A few days ago, I got an announcement about a jamming workshop being held on August 23 in Park Slope, Brooklyn, at a very expensive bar (borderline museum of precious beverage) called Beer Table. The first line of the announcement read: "Peak season and you haven't yet preserved summer's bounty?" It's limited to 12 participants and costs $50.
Thank goodness there's some skill sharing going on, to help all the New Yorkers who are now scrambling to preserve the peaches, plums, and blackberries overflowing on their postage-stamp roof decks and shared patches of tenement paving stones. Let's face it: New Yorkers who can obtain and pickle summer's bounty from farmers' markets and CSAs, produce driven into the city from the Hudson Valley or other areas that feature farms.
But let's not pick on New Yorkers. The urban homesteading movement often has notes of inauthenticity. Starting with the question of: How much jam does the average person honestly consume? I consider myself a jam fan, and I think I've had the same jar in my fridge for nine months. And coming back around, it takes, according to a sample recipe from CHOW.com, one pound of blueberries to make four small jars of blueberry jam. Once you've paid for the ingredients at the store and taken the time to make the jam, it's seeming less like a thrifty, homey back-to-the-land project and more like a dilettantish exercise in fake rusticity.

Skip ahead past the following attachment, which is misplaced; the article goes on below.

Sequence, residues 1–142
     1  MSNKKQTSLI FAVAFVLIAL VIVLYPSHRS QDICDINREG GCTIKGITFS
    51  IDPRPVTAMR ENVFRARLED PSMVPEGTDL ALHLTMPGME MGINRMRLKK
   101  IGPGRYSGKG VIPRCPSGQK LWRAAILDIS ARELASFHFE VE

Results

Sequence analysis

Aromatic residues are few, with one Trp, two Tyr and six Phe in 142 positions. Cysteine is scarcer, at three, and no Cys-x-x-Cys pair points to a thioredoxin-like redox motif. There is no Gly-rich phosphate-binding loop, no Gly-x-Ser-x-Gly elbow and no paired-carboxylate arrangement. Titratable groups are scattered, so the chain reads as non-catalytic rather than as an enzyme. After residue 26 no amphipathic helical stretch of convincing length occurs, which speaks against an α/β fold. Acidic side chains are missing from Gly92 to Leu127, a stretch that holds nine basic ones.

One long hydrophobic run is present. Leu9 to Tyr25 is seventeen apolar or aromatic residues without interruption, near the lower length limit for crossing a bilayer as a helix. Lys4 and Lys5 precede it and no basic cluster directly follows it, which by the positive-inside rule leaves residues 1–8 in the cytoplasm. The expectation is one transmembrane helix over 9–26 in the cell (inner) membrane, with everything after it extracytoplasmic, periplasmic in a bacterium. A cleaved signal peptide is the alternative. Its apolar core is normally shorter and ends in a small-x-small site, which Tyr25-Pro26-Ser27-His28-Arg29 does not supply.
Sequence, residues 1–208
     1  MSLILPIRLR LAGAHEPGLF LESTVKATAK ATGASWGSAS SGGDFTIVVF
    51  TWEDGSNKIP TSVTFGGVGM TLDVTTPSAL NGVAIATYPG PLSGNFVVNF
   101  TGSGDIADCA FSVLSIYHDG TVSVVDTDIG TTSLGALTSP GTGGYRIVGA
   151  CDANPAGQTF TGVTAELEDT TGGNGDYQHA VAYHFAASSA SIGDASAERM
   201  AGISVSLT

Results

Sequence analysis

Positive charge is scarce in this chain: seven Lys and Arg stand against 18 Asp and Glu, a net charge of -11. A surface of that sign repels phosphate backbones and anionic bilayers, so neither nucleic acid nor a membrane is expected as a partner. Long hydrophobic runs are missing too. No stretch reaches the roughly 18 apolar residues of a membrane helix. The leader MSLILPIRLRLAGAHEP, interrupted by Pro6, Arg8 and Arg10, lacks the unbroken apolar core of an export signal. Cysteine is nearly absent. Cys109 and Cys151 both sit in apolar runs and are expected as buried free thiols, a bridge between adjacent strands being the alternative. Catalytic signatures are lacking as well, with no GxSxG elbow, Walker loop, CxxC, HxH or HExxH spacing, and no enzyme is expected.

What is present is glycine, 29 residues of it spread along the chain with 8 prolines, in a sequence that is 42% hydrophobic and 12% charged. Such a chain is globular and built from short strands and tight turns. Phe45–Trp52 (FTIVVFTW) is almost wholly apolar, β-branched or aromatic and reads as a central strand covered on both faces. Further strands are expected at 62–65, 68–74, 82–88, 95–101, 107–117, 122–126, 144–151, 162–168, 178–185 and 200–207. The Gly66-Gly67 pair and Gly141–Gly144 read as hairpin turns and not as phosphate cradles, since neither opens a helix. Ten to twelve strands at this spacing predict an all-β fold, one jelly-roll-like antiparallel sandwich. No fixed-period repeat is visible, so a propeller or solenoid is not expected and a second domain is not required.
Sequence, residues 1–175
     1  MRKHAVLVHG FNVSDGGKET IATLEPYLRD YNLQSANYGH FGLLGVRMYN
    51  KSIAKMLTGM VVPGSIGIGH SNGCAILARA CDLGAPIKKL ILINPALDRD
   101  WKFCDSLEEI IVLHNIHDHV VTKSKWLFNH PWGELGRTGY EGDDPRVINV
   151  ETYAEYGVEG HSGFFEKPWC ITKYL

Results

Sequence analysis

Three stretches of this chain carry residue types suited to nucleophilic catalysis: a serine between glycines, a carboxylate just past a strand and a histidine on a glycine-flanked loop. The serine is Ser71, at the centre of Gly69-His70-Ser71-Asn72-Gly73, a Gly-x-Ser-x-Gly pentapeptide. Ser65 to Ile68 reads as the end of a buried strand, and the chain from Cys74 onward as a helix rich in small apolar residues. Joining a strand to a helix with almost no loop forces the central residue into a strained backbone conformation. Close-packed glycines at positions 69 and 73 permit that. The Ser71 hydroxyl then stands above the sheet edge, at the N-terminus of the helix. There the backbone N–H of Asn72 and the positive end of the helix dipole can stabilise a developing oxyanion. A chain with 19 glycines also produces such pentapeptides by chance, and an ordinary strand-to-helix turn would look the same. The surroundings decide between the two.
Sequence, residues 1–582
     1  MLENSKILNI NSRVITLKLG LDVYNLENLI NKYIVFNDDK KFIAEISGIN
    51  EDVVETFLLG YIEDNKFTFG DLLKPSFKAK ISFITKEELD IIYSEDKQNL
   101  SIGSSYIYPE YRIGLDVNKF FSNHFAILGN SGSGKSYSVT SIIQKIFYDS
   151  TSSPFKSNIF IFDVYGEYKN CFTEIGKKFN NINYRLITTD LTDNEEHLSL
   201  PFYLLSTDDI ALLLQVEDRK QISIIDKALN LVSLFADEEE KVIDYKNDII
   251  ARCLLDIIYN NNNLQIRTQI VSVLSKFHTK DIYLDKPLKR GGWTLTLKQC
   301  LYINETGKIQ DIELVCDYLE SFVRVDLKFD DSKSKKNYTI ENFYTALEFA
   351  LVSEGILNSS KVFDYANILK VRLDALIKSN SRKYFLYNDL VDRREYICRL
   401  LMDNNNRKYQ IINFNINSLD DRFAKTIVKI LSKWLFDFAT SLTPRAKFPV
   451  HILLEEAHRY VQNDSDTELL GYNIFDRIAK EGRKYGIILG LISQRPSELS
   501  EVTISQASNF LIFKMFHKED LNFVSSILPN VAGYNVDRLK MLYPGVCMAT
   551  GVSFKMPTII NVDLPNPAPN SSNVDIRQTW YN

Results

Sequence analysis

Why can't urban homesteaders call it like it is? We've got wildlife in cities we actually could harvest, without having to buy berries from 100 miles away and pretend we're living a fantasy agrarian lifestyle.
1. Weeds. You could make dandelion wine, jelly, or even salad with shaved pecorino. If you are worried about pee being on the weeds, wash the greens well. Urine dissolves in water. I once met a woman who had been in a California state prison for 35 years and had harvested dandelion greens from the perimeter of the prison exercise yard to provide a more nutritional diet for herself. You can do this, too! And dandelions are just one kind of edible weed. There are lots of others.
2. Pigeons. I am amazed to see that when you Google "foraging pigeons," you do not find links to any workshops going on at fancy beer museums, nor anybody capitalizing on the fun that can be had with a six-pack and a couple of BB guns. Did you know that young pigeons are squab? The very same bird on the menu at many fancy restaurants. Why, just last month my dining companion had a lovely pastrami pigeon cooked by Michael Voltaggio at the Dining Room at the Langham in Pasadena. He probably did not shoot the bird down in a homeless encampment in Los Angeles, but the point is, he could have, and so can you. You may be worried that city pigeons consume barf, glass, and old burritos. But what do you think catfish eat? For more pigeon ideas, see here.